Rays propel themselves with their powerful, winglike pectoral fins that undulate, or ripple, in some species and that beat like more semirigid wings in others. Their enlarged pectoral fins also help enable rays to glide through the water column without sinking too rapidly. Many species of rays can swim fast enough that they can “jump” above the surface, providing a momentary thrill for onlookers. The bodies of numerous species are coated with a slimelike mucous that reduces friction, or drag, as the rays swim, thus increasing their efficiency and swimming speed.
As is the case with sharks, rays lack the internal organ known as a swim, or gas, bladder that is found in many bony fishes. The swim bladder is used to help control the buoyancy as well as ascent and decent rates in bony fishes. This means that when a ray stops swimming it will sink toward the sea floor unless the animal is buoyed up by a current or upwelling. Rays have a comparatively large, oily liver that helps maintain their buoyancy as oil is positively buoyant in water. In addition, having a relatively lightweight skeleton made of cartilage helps rays efficiently maintain buoyancy.
Like sharks, rays have an advanced electroreceptive system. Specialized gel-filled pit organs known as ampullae of Lorenzini that are concentrated in the skin around the head and snout enable rays to detect the electrical fields that are emitted when other living creatures contract a muscle or their heart beats, etc.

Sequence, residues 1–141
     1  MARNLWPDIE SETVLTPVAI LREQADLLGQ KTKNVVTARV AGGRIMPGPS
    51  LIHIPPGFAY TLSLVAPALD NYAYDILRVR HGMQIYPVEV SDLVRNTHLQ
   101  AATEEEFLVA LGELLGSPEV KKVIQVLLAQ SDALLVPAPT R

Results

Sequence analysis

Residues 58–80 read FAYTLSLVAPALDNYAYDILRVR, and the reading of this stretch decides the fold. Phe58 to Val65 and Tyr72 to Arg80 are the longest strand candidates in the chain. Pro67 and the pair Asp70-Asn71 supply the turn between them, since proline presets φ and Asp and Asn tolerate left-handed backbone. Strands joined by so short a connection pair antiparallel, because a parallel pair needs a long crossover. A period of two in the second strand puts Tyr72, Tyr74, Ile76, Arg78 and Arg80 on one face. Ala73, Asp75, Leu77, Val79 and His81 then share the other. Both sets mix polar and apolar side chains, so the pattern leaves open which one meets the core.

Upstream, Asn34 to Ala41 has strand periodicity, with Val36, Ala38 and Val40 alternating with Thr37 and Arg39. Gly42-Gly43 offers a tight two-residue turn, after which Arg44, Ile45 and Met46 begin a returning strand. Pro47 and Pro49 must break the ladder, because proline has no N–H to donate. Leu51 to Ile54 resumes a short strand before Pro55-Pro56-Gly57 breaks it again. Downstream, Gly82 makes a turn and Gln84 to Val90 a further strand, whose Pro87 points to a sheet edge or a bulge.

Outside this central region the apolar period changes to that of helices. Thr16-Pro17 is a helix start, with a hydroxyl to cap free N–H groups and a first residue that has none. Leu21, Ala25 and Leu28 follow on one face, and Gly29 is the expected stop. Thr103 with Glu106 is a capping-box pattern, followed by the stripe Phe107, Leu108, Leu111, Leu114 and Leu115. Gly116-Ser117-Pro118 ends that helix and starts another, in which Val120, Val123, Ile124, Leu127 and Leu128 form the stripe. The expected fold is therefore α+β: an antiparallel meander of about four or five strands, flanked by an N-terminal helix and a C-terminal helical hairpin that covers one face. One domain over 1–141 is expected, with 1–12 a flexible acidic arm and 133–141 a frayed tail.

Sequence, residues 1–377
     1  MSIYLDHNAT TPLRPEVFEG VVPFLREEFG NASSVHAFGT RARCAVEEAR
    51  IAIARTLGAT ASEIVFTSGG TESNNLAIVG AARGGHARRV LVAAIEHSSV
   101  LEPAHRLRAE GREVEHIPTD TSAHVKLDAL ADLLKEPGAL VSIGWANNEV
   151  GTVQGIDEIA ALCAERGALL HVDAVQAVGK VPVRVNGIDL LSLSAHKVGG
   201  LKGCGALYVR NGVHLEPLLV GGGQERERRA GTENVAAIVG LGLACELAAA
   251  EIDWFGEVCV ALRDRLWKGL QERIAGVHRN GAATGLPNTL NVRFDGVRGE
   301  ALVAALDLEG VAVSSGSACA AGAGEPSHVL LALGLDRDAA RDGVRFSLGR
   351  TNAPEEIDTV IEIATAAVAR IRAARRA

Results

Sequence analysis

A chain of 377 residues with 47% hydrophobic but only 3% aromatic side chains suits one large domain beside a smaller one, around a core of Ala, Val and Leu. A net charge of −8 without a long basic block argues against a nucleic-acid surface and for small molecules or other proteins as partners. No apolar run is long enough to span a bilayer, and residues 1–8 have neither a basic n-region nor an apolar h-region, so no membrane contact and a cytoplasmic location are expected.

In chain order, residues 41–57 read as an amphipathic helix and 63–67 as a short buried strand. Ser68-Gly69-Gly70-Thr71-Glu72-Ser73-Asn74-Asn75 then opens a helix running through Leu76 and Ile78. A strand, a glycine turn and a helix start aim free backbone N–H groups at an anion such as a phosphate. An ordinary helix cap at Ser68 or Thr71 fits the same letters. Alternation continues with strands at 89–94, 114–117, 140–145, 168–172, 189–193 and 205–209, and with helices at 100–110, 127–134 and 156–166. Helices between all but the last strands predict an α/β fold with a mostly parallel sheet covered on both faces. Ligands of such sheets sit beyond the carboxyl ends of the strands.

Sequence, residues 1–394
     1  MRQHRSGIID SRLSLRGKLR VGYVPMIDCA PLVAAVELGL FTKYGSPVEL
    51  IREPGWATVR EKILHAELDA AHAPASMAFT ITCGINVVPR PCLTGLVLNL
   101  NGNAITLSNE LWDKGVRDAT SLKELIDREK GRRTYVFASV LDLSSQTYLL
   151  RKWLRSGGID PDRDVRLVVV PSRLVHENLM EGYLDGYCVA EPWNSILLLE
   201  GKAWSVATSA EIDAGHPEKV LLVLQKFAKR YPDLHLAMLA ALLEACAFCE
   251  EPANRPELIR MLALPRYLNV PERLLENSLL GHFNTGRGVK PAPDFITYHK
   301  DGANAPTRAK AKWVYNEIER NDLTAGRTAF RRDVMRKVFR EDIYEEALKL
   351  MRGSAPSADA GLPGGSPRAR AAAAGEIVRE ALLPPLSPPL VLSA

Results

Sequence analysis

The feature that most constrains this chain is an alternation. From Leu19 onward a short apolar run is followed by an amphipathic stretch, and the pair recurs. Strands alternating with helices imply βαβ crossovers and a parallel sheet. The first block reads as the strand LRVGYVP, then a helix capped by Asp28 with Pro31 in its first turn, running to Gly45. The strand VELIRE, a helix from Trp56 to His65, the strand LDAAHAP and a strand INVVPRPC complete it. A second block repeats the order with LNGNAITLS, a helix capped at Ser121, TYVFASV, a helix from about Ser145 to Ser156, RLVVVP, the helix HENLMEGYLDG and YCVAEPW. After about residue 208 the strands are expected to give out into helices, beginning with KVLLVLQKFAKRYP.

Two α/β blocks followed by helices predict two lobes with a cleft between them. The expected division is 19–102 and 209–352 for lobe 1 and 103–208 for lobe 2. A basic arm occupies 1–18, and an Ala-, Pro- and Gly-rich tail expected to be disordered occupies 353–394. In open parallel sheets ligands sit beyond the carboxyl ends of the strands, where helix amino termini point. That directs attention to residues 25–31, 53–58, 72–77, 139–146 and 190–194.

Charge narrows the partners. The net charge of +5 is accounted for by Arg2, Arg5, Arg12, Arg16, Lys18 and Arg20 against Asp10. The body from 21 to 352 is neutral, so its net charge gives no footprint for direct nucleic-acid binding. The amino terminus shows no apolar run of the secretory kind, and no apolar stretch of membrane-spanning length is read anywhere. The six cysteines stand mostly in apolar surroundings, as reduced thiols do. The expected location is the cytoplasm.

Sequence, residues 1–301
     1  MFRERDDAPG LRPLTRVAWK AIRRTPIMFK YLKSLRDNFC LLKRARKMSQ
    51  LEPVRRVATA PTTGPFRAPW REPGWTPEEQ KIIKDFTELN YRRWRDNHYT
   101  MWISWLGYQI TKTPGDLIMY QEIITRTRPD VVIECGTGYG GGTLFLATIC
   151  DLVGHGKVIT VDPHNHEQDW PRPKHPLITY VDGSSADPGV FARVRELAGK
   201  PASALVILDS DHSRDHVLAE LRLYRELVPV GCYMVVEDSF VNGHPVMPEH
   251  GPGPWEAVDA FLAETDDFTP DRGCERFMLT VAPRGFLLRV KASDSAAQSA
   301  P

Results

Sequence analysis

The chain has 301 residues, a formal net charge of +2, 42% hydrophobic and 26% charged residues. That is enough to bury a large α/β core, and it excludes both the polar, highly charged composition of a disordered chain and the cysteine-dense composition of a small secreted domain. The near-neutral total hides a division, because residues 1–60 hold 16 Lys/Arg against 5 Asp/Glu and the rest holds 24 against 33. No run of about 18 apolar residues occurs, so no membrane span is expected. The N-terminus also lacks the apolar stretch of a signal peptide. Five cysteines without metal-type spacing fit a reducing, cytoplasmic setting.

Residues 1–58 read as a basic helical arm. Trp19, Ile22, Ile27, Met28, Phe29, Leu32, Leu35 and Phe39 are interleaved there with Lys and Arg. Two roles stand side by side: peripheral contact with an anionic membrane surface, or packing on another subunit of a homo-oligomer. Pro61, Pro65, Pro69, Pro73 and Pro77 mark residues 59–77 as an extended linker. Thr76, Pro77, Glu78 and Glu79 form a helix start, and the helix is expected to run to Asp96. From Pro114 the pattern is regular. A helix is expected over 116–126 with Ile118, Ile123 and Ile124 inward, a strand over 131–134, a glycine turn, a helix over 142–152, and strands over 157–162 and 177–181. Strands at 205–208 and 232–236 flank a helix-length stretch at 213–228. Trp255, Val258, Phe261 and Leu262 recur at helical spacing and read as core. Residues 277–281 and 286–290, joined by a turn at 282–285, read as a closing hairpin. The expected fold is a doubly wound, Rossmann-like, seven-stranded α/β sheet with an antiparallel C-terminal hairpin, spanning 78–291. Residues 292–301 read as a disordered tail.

Reproduction in rays varies from species to species. While fertilization is always internal, some rays bear live young while other species lay eggs. Compared with bony fishes, the gestation period of rays is relatively long and comparatively few offspring are reproduced in each mating cycle.
Manta rays, Manta birostris, are the largest of all the rays, attaining “wingspans” of just over 20 feet (6 m) and weighing more than 4,000 pounds (1,800 kg). Yet these rays are incredibly graceful and remarkably efficient. While capable of rapid bursts of speed, these majestic animals are typically encountered as they glide effortlessly through the water with almost imperceptible movement of their winglike pectoral fins. But don’t let their relaxed swimming speed deceive you. They are capable of incredibly rapid bursts of speed, and can disappear even in relatively clear tropical and subtropical waters with only one or two beats of those mighty pectoral fins. And even when those huge “wings” don’t appear to move at all, manta rays can easily glide faster than divers can swim.